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[252] in time of war, I suppose I have a right to take any measure which may best subdue the enemy; nor do I urge objections of a moral nature, in view of possible consequences of insurrection and massacre at the South. I view this matter as a practical war measure, to be decided on according to the advantages or disadvantages it may offer to the suppression of the Rebellion.

The deputation responded, urging that an Emancipation policy would greatly strengthen us in Europe, and would justify us in appealing to the God of the oppressed and down-trodden for His blessing on our future efforts to crush the Rebellion. The President rejoined:

I admit that Slavery is at the root of the Rebellion, or at least its sine qua non. The ambition of politicians may have instigated them to act; but they would have been impotent without Slavery as their instrument. I will also concede that Emancipation would help as in Europe, and convince them that we are incited by something more than ambition. I grant, further, that it would help somewhat at the North, though not so much, I fear, as you and those you represent imagine. Still, some additional strength would be added in that way to the war; and then, unquestionably, it would weaken the Rebels by drawing off their laborers, which is of great importance; but I am not so sure we could do much with the Blacks. If we were to arm them. I fear that in a few weeks the arms would be in the hands of the Rebels; and, indeed, thus far, we have not had arms enough to equip our White troops. I will mention another thing, though it meet only your scorn and contempt. There are 50,000 bayonets in the Union army from the Border Slave States. It would be a serious matter if, in consequence of a proclamation such as you desire, they should go over to the Rebels. I do not think they all would — not so many, indeed, as a year ago, or as six months ago — not so many to-day as yesterday. Every day increases their Union feeling. They are also getting their pride enlisted, and want to best the Rebels. Let me say one thing more: I think you should admit that we already have an important principle to rally and unite the people, in the fact that constitutional government is at stake. This is a fundamental idea, going down about as deep as anything.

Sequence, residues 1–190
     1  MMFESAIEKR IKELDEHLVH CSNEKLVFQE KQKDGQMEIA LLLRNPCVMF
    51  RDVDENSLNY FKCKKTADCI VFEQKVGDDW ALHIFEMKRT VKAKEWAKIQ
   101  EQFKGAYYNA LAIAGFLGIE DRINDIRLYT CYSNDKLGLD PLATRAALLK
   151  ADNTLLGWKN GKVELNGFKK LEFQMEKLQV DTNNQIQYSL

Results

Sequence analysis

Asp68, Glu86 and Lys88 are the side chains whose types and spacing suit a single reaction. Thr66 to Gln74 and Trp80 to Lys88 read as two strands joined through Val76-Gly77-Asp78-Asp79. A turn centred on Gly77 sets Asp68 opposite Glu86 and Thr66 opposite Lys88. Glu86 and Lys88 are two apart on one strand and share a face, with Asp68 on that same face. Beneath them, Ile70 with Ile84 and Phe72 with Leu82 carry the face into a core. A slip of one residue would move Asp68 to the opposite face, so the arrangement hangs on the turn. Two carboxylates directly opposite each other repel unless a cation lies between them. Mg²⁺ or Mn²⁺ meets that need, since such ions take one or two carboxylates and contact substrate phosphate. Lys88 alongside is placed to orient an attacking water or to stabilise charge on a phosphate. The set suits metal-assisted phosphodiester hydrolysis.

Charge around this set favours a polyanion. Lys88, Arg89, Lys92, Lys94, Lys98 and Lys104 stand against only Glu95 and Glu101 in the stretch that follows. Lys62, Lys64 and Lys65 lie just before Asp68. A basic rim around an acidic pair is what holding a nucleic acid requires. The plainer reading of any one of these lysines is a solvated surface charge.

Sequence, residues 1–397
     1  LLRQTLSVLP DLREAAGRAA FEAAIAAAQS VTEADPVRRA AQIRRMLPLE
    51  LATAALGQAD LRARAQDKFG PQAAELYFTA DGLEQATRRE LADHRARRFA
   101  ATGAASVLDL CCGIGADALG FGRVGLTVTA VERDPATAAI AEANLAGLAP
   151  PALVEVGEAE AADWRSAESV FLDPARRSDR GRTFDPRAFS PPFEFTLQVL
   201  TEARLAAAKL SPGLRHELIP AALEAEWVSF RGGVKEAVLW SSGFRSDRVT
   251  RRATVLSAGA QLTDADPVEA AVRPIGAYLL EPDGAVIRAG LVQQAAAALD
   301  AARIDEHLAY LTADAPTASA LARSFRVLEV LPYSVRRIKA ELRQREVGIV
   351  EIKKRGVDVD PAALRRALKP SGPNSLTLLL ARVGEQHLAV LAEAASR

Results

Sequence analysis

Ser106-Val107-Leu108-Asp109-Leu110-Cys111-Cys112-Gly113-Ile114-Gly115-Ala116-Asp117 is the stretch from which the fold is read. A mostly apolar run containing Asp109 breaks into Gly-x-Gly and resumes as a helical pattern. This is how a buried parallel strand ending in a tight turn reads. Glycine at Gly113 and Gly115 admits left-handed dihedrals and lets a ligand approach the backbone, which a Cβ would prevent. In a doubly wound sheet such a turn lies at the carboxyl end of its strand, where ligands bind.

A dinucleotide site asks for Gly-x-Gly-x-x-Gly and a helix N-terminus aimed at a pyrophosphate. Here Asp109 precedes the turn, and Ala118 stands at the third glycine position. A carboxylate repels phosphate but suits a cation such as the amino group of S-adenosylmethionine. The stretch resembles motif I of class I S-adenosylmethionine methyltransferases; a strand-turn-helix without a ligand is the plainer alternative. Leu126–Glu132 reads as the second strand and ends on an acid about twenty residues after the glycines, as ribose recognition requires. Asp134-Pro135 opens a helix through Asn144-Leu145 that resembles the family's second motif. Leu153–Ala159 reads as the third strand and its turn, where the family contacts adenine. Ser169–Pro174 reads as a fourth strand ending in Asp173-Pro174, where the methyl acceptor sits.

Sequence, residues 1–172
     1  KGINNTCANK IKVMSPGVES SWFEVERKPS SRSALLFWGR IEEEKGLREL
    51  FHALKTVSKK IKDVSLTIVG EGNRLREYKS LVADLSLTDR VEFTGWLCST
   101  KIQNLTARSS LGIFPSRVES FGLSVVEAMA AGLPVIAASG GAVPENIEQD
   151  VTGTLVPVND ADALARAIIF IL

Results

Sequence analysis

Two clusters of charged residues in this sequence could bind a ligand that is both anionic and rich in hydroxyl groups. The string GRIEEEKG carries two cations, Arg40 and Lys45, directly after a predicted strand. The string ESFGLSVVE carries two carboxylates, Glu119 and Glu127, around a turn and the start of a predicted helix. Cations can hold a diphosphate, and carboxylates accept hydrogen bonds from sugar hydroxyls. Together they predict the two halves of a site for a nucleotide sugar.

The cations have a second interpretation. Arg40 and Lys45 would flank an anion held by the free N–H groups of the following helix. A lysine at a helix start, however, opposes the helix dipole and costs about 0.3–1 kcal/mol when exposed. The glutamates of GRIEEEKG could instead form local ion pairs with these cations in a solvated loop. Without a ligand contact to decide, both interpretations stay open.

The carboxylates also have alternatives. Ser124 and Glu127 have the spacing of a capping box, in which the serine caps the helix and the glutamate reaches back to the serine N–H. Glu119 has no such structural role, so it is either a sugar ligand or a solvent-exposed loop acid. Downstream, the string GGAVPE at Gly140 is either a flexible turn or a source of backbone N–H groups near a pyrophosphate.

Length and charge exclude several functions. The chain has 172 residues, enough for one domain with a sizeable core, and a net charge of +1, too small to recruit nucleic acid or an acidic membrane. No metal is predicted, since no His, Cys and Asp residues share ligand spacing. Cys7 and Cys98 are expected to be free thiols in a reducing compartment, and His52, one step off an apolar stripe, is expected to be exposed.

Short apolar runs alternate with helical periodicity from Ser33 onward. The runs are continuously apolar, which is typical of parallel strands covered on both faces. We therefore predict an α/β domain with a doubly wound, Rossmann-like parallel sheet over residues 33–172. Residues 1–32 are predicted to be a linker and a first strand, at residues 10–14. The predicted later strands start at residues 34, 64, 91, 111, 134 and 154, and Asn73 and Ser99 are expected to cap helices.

The deputation again developed and enforced their views; and the President closed the conference with these pregnant words:

Do not misunderstand me because I have mentioned these objections. They indicate the difficulties that have thus far prevented my action in some such way as you desire. I have not decided against a proclamation of liberty to the slaves, but hold the matter under advisement. And I can assure you that the subject is on my mind, by day and by night, more than any other. Whatever shall appear to be God's will, I will do. I trust that, in the freedom with which I have canvassed your views, I have not in any respect injured your feelings.

The deputation had scarcely returned to Chicago and reported to their constituents, when the great body of the President's supporters were electrified, while his opponents in general were only still farther alienated, by the unheralded appearance of the following proclamation:

I, Abraham Lincoln, President of the United States of America, and Commander-in-chief of the Army and Navy thereof, do hereby proclaim and declare that hereafter, as heretofore, the war will be prosecuted for the object of practically restoring the constitutional relation between the United States and each of the States, and the people thereof, in which States that relation is or may be suspended or disturbed.

That it is my purpose, upon the next meeting of Congress, to again recommend the adoption of a practical measure tendering pecuniary aid to the free acceptance or rejection of all Slave States, so called, the people whereof may not then be in rebellion against the United States, and which States may then have voluntarily adopted, or thereafter may voluntarily adopt, immediate or gradual abolishment of Slavery within their respective limits; and that the effort to colonize persons of African descent, with their consent, upon this continent or elsewhere, with the previously obtained consent of the governments existing there, will be continued.

That, on the first day of January, in the year of our Lord one thousand eight hundred and sixty-three, all persons held as slaves within any State, or designated part of a State, the people whereof shall then be in rebellion against the United States, shall be than, thenceforward, and forever free; and the Executive Government of the United States, including the

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